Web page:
Court judge on the settlement talks, Adam Gutride, an attorney
representing consumers in the case told The Associated Press.

If the change is made, eligible consumers would still receive
free DVDs for a month, but the Company wouldn't be able impose
charges after the period expired unless the recipient took
action to extend the service.

To allow time for further negotiations, a court hearing to
approve the settlement has been postponed by a month to March
22.

Under the current settlement proposal, almost 4.1 million former
Netflix subscribers are being offered a free month of service.
Another 2.08 million current customers are being offered a free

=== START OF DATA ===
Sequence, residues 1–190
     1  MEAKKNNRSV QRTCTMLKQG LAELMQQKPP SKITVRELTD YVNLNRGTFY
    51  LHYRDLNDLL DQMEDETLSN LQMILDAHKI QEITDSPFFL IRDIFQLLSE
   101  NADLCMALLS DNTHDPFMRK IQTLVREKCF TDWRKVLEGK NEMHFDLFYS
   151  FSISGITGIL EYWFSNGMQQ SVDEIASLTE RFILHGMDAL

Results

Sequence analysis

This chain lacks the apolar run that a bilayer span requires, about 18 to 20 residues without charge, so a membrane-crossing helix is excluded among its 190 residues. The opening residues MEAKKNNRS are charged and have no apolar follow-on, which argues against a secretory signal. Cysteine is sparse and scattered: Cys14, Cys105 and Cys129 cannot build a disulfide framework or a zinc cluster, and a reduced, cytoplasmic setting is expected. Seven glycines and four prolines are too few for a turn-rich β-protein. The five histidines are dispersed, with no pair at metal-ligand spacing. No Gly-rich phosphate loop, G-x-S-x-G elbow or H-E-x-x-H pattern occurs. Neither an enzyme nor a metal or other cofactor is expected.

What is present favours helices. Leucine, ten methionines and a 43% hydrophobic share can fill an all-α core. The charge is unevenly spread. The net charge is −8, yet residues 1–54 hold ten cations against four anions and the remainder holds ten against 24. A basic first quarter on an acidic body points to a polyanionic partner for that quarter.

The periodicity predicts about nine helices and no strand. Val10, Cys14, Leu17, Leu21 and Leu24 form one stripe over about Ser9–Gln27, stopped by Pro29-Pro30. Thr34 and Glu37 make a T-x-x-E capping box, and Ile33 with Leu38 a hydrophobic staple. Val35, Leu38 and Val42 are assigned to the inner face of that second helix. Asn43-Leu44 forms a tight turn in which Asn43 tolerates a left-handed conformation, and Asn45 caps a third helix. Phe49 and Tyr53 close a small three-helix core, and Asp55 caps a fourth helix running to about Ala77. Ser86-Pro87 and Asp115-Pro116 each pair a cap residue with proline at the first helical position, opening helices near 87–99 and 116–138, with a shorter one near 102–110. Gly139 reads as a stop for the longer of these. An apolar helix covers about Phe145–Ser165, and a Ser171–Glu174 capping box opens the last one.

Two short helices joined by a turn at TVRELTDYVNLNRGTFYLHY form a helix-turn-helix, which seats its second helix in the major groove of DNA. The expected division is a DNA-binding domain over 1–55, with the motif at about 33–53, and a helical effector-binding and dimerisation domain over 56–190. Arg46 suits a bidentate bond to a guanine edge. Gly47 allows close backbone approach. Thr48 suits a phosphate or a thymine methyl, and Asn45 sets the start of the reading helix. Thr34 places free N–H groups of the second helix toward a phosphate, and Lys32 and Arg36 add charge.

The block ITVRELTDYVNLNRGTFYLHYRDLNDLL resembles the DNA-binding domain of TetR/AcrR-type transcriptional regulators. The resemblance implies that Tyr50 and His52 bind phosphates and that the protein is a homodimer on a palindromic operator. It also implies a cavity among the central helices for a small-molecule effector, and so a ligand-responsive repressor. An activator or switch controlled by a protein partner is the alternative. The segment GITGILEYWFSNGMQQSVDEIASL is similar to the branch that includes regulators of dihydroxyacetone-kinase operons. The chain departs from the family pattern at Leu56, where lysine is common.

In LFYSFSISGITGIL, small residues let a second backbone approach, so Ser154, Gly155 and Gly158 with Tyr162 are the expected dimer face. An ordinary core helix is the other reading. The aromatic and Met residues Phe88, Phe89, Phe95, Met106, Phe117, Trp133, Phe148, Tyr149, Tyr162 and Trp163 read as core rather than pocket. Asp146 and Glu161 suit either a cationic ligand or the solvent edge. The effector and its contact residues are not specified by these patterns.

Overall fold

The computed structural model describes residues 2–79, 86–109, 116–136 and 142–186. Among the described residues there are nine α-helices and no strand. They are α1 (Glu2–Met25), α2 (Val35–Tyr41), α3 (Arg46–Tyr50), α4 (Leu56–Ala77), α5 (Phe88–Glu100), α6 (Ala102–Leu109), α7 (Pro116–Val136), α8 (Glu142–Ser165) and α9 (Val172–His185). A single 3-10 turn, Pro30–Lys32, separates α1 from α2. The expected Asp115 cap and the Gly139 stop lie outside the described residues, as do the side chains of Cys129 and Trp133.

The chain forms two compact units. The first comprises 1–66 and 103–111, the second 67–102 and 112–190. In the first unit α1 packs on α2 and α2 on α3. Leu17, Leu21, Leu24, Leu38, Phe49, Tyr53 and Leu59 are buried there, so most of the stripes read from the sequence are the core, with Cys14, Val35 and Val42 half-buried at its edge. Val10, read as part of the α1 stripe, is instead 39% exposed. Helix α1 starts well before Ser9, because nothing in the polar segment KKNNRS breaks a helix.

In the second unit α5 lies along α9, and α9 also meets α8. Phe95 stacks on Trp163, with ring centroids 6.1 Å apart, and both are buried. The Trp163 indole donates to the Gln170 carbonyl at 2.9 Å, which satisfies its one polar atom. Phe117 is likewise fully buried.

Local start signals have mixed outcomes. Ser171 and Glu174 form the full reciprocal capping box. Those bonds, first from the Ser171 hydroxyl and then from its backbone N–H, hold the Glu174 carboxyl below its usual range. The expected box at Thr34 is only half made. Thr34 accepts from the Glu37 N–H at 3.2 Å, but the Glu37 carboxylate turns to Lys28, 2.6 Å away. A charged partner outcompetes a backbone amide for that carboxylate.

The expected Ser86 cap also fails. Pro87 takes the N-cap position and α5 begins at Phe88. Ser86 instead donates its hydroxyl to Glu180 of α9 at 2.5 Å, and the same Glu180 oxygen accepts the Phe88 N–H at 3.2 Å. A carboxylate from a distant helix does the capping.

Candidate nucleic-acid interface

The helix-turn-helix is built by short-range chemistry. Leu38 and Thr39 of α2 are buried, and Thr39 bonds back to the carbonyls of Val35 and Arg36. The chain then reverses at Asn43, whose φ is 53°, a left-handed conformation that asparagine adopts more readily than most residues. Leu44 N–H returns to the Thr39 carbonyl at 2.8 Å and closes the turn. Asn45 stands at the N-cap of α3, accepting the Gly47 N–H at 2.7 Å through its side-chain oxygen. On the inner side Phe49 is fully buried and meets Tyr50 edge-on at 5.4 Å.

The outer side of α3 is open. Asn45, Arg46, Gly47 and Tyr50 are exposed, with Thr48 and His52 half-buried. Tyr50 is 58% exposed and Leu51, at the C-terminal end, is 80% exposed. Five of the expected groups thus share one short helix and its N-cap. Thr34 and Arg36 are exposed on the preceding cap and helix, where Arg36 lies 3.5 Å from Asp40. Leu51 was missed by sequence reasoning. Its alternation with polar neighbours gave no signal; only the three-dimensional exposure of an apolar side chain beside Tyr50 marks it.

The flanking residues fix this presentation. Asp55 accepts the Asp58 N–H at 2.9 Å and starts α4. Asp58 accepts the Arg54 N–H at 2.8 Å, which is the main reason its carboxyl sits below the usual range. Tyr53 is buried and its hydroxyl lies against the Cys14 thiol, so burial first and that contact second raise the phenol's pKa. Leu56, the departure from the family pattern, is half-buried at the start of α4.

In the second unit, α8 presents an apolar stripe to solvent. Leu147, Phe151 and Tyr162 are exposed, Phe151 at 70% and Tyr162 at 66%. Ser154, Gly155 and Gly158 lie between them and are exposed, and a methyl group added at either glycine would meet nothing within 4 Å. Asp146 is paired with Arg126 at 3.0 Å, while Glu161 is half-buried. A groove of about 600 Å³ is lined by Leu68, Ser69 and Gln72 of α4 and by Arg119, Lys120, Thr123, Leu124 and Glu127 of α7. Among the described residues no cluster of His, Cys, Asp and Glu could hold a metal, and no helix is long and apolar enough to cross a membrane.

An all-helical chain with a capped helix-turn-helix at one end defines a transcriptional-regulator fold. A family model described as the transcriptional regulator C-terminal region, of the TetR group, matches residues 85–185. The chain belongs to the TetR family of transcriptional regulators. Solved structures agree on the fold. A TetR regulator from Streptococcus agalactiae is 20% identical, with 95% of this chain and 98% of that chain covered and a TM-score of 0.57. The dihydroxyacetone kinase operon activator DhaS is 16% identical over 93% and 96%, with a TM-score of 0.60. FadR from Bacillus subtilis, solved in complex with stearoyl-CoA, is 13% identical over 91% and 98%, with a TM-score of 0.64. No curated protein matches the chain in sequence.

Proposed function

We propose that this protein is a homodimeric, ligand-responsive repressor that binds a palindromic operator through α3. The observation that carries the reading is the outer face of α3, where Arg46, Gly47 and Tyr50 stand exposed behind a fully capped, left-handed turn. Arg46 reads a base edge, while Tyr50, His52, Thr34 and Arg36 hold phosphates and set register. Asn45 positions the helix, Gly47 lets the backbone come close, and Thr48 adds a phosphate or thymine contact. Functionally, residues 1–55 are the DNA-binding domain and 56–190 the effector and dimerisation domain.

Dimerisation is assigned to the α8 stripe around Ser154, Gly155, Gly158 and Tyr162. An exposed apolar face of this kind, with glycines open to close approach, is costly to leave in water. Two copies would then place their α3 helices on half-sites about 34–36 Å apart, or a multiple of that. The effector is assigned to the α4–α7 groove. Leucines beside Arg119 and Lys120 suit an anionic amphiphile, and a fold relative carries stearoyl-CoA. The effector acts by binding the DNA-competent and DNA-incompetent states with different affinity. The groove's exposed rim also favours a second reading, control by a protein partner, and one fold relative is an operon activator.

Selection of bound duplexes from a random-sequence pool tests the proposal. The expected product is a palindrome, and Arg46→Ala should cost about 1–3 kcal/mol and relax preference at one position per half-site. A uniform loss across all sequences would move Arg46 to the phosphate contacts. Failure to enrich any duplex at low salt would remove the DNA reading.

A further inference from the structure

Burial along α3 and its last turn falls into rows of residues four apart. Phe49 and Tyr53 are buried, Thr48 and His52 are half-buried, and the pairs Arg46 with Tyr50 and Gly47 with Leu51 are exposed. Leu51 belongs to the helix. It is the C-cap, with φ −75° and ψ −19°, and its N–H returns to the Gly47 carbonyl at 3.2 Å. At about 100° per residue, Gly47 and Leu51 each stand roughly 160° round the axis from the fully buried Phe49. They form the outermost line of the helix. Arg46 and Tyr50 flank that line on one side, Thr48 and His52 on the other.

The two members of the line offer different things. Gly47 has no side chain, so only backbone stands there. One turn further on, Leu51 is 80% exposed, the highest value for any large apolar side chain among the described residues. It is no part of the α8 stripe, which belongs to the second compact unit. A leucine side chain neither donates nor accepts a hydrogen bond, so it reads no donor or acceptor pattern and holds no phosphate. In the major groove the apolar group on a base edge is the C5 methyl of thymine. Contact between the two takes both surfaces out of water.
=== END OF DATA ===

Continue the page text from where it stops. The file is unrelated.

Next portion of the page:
upgrade for a month.

The Federal Trade Commission protested the settlement last
month, arguing the automatic renewal feature smacked of a
promotional gimmick designed to help the Company attract more
subscribers.  As an example on how the automatic renewal clause
could backfire on a consumer, Netflix subscribers currently
paying for three DVDs at a time would end up being charged $6
more per month if they accepted an upgrade and didn't return to
their old plan after a month.

Netflix, which started the year with 4.2 million subscribers,
has said the settlement is in the best interests of its
customers and shareholders.  The proposed settlement though came
under fire because the attorneys who filed the suit will receive
$2.53 million, almost 64 percent of the $3.98 million that the
Company expects to spend on the deal.  

Mr. Gutride and Seth Safier, another attorney in the case,
maintain the settlement is worth $85.5 million if everyone
eligible accepts Netflix's free DVD offer.  The attorney says